Unique to Sri Lanka are the stilt fishermen of Weligama, a pimple sized settlement on the island’s palm-lined derriere, roughly 100 miles south of capital, Colombo.
It is a thrilling sight when driving along the coast to come upon a group of them perched on poles and flicking their rods in and out of the surf.
The remarkable thing about the stilt fishermen is that they don’t use any bait. A tenacious local fish like a small herring, or a sardine, bites on a bare hook and is whipped up and dropped into a bag: the best fishermen can catch as many as fifty in an hour.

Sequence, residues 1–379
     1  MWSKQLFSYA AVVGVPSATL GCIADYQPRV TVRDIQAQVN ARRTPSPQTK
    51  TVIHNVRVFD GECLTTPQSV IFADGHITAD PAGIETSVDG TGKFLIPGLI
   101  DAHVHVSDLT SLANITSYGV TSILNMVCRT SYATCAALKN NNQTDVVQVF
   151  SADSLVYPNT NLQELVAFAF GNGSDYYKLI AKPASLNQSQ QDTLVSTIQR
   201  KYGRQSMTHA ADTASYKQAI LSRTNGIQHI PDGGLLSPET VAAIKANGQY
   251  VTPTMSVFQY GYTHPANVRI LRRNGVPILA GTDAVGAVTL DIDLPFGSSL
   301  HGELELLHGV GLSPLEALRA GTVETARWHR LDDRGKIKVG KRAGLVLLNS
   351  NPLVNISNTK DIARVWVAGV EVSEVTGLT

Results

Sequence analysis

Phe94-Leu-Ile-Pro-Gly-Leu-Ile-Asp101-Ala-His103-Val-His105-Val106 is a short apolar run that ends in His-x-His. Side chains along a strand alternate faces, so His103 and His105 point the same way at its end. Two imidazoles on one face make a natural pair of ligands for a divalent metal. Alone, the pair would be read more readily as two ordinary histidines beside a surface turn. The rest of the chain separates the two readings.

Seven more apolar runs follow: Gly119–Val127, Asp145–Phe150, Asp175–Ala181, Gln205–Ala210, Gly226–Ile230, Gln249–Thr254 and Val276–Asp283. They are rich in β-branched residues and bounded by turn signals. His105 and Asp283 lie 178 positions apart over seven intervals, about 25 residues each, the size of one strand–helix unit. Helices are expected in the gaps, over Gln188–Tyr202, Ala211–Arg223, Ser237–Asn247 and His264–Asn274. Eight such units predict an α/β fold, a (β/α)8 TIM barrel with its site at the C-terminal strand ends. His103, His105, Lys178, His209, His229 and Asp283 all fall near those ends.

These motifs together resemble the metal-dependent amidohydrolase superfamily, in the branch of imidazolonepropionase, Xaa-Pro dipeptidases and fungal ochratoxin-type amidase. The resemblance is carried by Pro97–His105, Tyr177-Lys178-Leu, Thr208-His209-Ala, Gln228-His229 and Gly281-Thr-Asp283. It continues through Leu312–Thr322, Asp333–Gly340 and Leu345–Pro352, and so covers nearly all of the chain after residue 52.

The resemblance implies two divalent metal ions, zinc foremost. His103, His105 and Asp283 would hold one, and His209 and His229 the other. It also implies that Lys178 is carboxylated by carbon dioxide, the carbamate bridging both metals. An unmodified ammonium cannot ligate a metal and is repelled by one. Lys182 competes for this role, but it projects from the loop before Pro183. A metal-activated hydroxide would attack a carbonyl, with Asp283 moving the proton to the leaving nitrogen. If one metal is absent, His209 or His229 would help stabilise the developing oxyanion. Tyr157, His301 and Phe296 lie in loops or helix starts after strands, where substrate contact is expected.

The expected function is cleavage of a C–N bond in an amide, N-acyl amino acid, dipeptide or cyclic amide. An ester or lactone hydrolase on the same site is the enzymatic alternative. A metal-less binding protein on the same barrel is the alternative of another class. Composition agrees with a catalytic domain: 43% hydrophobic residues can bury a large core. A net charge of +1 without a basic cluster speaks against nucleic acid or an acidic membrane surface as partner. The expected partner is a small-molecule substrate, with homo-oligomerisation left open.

Stilt positions are passed down from father to son and good sites are highly coveted. Jammed into the reef, the poles protrude about ten feet at low water when the men wade out and climb up to fish the incoming tide.
Their only equipment is the cane rod and a hook tied on a length of line. Being constantly drenched by spray means that dress is also minimalist – a turban, a g-string and the odd T-shirt donated by a tourist who was grateful for the picturesque photo opportunity.
Photos: Priyantha Bhareti, Dominic Sansoni and Christine Osborne